I meet my wife in the warehouse. She looks like my wife, or what I imagine my wife would look like if I were married. White, sandy-haired, a non-threatening jawline. I am white, sandy-haired, with a non-threatening jawline. We shake hands. Our daughter and our son are sitting nearby. She is supposed to be in high school. He’s supposed to be college-age.
They dress us in pastels. They put make-up on us. The director and the photographer tell us what to do. First, I act angry at the whole family. Then they act angry at me. Then we act angry at our daughter. Then our son. After a costume change into plain white tees, we reprise this round robin of emotion. Then we wait while they change the lighting, and do it again in blue twilight. Then we hold salad tongs. Then we hold toothbrushes. Then laptops. “What’s this one for?” my son asks. He sounds cocky, like he’s above this theater, like the world was built for him. “For? For whatever,” the director says, then orders us all to laugh for an hour.
We get a break. My daughter eats two blueberry muffins from the craft table. My wife sips tea and ignores everyone. When I try to talk with my son about the World Series, he squints at me. When the break is over, a new boy appears. He speaks Italian with the director. His skin is several shades darker than mine. At the director’s behest, we all take turns acting angry at the boy. He isn’t asked to defend himself, merely to receive our anger. “What’s this one for?” I ask the photographer. “Why are we mad at him? Is this xenophobic propaganda?” The photographer shrugs. “How should I know?” I have trouble performing anger, I don’t trust what’s happening here. Nevertheless, despite my hesitation, they get the shot. Then they hand the Italian-speaking boy a toothbrush and tell us all to laugh. Then salad tongs. Then laptops. “Laugh like you just heard the funniest joke of your life!” Then they send him away.
The sun is setting. “Game seven tonight,” I say to my son. His phone mesmerizes him. I ask my daughter if she watches sports. “Nope,” she says. I walk over to the vending machine and grab a sparkling water, then take a turn around the block, nerves jangling as I remember last night, how my girlfriend compared me to a tree stump, how she stormed off without elaborating, and how I needed a drink, desperately needed it, but my outfit looked ridiculous, so I changed into pastels, but that looked ridiculous, so I changed into all black, and went to a bar and talked to everybody and talked to nobody and came home bloated and empty.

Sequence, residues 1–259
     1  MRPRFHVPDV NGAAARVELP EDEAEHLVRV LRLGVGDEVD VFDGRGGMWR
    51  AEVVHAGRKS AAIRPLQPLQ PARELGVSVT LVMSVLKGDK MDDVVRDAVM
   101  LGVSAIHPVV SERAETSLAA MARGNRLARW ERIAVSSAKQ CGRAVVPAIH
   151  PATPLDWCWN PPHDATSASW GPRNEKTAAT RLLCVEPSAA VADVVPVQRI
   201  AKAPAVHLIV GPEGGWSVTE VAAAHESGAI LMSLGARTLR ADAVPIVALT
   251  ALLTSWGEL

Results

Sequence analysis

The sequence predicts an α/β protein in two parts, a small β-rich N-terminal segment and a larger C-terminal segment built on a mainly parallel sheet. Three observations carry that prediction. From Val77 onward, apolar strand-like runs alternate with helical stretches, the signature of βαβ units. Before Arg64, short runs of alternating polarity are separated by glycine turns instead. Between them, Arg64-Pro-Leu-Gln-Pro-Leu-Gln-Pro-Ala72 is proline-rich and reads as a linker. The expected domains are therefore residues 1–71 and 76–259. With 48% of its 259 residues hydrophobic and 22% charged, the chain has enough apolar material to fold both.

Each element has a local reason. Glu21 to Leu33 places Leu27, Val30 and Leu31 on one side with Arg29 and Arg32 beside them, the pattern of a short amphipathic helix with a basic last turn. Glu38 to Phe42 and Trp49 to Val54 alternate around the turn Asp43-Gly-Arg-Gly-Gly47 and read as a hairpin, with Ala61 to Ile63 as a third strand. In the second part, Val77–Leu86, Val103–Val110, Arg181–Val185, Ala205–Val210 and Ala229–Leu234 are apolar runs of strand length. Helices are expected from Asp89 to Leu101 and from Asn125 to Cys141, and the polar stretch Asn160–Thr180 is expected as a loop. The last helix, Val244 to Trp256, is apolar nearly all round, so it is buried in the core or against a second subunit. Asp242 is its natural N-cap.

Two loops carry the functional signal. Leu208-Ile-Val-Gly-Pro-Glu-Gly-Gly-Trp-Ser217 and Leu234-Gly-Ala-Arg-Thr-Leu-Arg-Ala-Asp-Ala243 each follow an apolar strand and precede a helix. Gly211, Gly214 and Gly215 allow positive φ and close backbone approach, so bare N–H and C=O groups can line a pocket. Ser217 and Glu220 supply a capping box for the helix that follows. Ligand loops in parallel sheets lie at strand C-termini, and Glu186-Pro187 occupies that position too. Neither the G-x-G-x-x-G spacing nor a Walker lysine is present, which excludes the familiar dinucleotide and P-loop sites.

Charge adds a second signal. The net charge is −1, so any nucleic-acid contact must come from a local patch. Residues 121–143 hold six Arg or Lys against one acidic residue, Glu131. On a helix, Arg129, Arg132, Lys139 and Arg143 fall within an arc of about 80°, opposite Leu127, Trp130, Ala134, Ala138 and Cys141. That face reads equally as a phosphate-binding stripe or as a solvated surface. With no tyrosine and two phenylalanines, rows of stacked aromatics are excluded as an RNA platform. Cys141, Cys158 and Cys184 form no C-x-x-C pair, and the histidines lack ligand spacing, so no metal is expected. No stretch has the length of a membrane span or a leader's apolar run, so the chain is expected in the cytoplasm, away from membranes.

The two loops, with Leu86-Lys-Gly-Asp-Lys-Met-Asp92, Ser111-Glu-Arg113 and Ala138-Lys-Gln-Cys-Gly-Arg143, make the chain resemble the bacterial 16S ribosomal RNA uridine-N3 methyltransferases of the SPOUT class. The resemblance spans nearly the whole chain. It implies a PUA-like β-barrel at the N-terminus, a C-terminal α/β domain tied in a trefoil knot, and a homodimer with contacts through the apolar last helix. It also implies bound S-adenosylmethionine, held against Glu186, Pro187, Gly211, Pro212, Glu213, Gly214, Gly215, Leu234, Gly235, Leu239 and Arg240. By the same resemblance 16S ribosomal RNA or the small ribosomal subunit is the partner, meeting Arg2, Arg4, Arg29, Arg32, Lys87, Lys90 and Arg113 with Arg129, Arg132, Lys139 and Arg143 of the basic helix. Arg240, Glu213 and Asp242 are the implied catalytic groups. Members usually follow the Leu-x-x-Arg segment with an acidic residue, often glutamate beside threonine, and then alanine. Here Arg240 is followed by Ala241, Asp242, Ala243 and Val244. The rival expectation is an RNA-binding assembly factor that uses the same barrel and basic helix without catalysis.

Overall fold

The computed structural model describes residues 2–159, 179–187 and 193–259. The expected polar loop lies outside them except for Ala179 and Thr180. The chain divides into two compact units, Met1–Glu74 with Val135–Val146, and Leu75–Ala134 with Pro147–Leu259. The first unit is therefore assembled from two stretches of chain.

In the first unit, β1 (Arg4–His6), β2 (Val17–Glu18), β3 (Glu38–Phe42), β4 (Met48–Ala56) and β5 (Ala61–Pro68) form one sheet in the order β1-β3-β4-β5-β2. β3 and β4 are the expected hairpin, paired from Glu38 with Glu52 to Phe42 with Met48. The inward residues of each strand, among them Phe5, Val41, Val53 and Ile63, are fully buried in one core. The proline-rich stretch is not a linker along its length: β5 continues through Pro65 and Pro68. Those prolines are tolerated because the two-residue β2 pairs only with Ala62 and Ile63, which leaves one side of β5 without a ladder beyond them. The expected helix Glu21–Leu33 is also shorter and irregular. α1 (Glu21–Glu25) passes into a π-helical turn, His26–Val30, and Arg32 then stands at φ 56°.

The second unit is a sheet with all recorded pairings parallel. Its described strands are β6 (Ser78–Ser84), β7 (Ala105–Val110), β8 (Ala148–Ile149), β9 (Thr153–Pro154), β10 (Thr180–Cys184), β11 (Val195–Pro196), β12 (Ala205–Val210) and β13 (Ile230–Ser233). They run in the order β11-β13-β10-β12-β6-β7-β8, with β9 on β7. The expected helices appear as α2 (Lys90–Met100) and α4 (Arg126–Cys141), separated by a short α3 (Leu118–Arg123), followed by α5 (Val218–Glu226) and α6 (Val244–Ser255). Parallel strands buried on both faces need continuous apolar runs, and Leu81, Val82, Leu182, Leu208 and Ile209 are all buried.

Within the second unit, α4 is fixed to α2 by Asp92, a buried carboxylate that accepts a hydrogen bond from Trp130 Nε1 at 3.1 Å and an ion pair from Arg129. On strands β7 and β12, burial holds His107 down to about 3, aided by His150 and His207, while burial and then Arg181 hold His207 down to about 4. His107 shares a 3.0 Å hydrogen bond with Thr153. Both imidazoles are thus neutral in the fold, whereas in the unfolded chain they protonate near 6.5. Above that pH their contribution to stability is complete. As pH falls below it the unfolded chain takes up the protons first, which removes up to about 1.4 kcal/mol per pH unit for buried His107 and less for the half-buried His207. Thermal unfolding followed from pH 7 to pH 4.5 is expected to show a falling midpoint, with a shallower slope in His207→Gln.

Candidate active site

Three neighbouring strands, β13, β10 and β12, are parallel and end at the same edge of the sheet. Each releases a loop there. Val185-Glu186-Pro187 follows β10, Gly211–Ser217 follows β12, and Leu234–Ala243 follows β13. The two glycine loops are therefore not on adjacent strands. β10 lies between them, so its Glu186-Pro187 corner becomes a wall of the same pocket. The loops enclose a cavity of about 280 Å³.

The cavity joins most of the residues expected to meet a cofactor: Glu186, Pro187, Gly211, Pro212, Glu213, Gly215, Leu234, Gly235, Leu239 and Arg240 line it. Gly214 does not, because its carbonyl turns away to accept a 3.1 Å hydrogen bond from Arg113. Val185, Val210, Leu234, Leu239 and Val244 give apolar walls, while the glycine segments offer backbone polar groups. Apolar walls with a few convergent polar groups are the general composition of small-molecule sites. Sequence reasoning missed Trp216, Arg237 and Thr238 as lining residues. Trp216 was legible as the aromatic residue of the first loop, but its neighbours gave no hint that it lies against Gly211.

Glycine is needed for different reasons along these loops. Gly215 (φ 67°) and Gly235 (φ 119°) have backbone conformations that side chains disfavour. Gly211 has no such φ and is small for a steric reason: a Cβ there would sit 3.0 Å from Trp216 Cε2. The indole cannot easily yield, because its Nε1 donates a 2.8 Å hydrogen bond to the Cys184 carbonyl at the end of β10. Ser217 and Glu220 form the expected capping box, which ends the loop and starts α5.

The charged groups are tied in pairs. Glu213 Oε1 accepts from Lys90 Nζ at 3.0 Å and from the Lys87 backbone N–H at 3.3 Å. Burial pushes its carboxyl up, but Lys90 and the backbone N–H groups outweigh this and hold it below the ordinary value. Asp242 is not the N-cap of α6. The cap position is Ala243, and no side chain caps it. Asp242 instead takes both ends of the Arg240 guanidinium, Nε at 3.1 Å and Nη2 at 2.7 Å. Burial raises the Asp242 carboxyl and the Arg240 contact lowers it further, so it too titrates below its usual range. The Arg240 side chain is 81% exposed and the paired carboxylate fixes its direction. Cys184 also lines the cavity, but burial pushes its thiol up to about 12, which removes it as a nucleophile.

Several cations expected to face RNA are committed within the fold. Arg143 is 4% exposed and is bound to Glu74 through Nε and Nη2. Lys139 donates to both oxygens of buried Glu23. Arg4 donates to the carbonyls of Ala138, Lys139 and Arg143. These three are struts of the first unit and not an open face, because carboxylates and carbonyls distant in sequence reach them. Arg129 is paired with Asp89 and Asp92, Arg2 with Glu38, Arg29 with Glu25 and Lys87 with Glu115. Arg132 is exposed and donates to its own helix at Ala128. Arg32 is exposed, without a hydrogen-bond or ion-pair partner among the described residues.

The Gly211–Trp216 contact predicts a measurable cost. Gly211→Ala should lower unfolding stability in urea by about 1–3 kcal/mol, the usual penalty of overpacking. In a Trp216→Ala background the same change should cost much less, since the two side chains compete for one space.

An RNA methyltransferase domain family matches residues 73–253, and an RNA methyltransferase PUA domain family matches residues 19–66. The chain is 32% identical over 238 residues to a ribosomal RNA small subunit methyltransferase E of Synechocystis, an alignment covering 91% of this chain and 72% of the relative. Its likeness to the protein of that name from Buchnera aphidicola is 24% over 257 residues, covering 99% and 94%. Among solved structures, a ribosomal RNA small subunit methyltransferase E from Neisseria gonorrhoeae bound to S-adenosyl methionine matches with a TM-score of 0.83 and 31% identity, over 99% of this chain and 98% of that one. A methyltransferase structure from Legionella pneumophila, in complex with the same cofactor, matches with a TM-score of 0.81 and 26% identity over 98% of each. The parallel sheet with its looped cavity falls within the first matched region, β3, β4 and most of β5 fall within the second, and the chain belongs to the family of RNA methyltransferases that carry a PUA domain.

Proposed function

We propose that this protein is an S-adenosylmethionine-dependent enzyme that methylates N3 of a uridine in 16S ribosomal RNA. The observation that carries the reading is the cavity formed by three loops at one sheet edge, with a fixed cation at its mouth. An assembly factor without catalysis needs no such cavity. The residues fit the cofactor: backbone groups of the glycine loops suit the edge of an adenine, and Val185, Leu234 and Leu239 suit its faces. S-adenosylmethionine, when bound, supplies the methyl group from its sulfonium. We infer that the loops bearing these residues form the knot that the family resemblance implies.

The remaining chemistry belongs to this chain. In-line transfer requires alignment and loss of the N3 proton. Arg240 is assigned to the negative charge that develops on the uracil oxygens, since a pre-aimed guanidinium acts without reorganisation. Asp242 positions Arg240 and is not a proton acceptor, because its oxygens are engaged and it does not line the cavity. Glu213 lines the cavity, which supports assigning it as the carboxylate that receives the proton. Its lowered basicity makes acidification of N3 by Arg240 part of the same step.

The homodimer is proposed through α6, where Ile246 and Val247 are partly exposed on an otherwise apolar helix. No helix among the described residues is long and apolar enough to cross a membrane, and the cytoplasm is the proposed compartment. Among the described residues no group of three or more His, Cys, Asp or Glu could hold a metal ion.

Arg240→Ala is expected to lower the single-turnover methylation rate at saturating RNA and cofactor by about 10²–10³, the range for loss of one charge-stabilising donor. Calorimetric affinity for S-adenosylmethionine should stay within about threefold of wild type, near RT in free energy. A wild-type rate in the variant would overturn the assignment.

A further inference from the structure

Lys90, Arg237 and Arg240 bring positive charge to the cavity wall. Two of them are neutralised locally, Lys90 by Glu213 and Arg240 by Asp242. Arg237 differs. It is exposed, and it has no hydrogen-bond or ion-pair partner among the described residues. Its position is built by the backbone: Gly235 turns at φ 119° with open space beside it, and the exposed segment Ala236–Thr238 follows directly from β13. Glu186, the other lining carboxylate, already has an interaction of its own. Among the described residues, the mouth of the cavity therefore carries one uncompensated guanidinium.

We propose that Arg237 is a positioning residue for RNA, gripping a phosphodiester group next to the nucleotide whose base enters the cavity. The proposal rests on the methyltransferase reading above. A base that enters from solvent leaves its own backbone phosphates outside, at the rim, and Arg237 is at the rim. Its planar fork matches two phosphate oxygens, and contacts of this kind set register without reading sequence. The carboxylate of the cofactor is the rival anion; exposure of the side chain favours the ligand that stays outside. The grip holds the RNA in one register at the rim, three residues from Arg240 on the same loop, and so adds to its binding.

When I open the door to the warehouse, my son and daughter are making out. His hands are traveling up her shirt. “What are you doing?” I bark at him. “She’s underage.” “No, I’m not,” she says, “and I kissed him, actually.” “It’s unprofessional,” I say, then go to inform my wife. But she only laughs and tells me to take it easy. Her jaw juts out, her eyes look harder than they did this morning. I tell the director that this group of actors is unprofessional, and he dresses us in floral shirts and makes us pretend to eat dinner, pretend to have a movie night, pretend to camp under the stars. The moon is rising outside the warehouse, and then we are putting on snow gear, and then we are admiring a mountain bike, then a kayak, then a camping stove, and then we are consoling my sobbing daughter, whose tears turn into steam once they get the shot.
The director tells us that’s it, we can go home. In the parking lot, my daughter gets in her car, and my wife gets in the passenger seat, and I have the horrific realization that they are related in real life. They hid it from me all day. They roll down the car windows, it’s a warm rainy night, they blast the radio and sing aloud together as the car screeches out onto the wet neon boulevard.
My son stands in the parking lot, staring at his phone. He doesn’t have a car. My heart flutters with sadness. For him, for me, for the century. “Want to get a drink?” I say. “We can watch the game.” He looks up at me with the disdain my real son would feel if I ever had a son. But then his posture softens and he says, “Sure, why not?” We go to the bar I’ve been frequenting since I was his age and down three beers fast. Then we yell at the World Series. We scream when there’s a home run. We tug at our cheeks as the top reliever flames out. It’s loud and sweaty. We take off our jackets. We bite our nails, put our arms around each other. We sing to the jukebox. We gasp when our team hits a single in the bottom of the ninth and collapse into each other’s arms crying. “It’s a miracle, son,” I say, kissing him on the cheek, “a miracle.”